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A north London district in the London Borough of Hackney, Stoke Newington (sometimes referred to as “Stokey”) neighbours Dalston in the south and has its epicentre in Church Street. With a name that means “new town in the wood”, Stoke Newington has had settlers for hundreds of years, and was often a pit stop for travellers heading north towards Cambridge on what is now the A10.

Boasting a village-like vibe, Stoke Newington has a plethora of bars, pubs and restaurants and, has become one of London's most up-and-coming areas. Good food is a feature with stores such as Whole Foods Market a major draw to locals, while the Stoke Newington Farmers' Market takes place every Saturday at St Paul's Church on the High Street and showcases the produce from either organic or bio-dynamic farmers based within 60 miles of the market offering raw milk, butter, cheeses, yoghurt, cream, breads, veg, fruit, pasta, eggs and meat and more.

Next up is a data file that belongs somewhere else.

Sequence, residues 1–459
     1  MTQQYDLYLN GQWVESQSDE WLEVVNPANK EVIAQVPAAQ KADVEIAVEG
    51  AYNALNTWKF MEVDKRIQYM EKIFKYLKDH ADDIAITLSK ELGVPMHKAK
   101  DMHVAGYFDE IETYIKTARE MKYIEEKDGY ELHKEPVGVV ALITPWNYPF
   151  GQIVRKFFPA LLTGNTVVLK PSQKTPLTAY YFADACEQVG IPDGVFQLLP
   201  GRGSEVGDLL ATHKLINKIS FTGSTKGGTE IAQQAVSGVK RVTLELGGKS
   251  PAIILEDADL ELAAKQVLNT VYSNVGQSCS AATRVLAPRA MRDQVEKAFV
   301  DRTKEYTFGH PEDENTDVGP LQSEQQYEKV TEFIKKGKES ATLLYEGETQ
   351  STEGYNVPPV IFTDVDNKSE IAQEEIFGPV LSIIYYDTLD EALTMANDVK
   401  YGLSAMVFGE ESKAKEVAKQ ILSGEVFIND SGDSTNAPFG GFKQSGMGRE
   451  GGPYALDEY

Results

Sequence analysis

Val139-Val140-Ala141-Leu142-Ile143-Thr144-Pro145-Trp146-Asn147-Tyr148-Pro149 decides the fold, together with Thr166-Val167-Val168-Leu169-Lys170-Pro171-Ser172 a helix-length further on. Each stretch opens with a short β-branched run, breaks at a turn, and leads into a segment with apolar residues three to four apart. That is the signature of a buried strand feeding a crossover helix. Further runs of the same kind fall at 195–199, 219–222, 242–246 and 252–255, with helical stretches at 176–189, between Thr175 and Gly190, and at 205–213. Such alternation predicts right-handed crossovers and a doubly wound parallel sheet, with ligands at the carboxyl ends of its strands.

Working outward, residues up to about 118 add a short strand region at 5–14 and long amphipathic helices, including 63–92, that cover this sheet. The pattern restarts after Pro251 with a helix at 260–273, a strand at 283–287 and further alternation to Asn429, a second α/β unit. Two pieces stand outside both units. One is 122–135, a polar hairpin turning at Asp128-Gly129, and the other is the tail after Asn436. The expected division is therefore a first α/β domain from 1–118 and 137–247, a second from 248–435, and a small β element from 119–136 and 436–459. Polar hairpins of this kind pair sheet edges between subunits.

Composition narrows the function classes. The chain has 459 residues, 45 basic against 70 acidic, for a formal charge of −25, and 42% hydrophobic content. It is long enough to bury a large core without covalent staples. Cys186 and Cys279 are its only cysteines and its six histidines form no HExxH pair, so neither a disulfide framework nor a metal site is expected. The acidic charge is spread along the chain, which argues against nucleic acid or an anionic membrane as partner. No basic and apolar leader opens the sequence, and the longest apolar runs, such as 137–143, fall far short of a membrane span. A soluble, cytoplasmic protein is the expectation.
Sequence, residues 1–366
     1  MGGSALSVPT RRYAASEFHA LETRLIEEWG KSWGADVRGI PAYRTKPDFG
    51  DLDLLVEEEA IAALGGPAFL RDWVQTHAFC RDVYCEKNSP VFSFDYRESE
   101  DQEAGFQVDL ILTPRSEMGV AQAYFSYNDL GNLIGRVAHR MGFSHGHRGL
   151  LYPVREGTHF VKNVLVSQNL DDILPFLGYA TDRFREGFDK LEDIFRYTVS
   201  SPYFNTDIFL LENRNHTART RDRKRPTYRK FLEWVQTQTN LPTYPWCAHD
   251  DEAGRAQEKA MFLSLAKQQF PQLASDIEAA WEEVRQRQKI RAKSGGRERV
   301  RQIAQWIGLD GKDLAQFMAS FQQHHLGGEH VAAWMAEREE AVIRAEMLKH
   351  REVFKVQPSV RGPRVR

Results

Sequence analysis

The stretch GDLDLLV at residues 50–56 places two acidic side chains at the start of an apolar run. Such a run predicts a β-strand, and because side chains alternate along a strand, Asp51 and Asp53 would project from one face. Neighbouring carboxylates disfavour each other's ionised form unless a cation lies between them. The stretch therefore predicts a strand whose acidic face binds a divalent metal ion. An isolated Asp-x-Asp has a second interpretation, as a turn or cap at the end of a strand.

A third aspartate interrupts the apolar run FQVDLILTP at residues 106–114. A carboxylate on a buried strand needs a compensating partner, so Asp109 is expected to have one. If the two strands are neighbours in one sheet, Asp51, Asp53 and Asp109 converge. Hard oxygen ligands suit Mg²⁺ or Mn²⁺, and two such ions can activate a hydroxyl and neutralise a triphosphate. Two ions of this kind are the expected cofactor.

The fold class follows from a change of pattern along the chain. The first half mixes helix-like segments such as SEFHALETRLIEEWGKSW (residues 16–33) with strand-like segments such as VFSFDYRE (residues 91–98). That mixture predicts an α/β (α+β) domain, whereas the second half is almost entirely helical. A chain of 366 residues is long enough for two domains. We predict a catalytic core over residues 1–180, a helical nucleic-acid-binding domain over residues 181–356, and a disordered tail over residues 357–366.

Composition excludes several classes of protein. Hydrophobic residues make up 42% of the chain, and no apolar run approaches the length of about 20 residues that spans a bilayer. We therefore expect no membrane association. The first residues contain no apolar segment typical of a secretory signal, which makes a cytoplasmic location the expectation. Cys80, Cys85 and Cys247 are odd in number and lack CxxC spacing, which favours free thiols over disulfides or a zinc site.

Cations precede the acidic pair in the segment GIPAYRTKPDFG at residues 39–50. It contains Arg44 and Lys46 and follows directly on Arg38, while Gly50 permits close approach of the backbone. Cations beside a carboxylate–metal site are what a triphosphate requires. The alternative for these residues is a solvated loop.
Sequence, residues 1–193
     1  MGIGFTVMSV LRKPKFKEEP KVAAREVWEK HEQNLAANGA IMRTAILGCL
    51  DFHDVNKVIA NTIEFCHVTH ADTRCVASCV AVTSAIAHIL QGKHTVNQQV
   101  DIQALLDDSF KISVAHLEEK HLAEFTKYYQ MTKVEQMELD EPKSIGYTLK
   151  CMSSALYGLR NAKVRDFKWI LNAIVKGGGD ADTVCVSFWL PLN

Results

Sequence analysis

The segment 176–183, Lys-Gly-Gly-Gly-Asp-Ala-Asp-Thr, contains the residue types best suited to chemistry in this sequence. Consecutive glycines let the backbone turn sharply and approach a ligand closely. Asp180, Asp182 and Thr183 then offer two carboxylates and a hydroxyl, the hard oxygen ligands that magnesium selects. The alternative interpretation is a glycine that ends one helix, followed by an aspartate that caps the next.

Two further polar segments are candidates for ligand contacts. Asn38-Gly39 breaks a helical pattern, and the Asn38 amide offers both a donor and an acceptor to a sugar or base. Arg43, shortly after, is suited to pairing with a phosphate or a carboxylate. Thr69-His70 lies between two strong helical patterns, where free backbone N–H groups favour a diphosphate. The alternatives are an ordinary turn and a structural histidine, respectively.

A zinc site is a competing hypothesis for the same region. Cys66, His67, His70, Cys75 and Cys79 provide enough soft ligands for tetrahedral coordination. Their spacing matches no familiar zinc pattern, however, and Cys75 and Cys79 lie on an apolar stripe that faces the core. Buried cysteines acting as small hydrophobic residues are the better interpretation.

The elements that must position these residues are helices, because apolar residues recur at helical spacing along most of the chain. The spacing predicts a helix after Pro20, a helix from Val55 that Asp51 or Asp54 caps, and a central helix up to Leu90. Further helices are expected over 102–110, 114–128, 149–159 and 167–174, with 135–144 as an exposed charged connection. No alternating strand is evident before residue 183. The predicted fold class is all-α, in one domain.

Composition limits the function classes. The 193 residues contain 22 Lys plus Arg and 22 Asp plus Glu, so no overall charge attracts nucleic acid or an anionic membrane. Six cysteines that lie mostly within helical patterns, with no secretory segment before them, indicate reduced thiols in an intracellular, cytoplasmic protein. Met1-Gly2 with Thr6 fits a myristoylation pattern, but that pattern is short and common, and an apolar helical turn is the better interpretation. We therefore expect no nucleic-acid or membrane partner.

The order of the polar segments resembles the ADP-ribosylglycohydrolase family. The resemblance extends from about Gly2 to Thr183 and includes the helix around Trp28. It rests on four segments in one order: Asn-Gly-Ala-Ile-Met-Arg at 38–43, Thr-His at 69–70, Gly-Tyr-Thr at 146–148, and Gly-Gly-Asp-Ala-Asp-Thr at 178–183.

And when it comes to eating out, Stoke Newington has a huge choice ranging from a fry up at The Blue Legume to tapas at El Olivio to one of the many Turkish restaurants including Testi, Nar and Café Z Bar.

Stoke Newington provided London with a water supply to assist its speedy growth following the opening of the artificial waterway the New River in 1613 provided for by the River Lea. Its key reservoir West Reservoir is no longer in action, but has become a pleasant place to visit, and is characterised by the Castle Climbing Centre made to look like a Scottish castle. To the south, meanwhile, is Clissold Park, a large green space featuring Clissold Mansion, a Grade II listed building built for local Quaker Jonathan Hoare in the 1790s.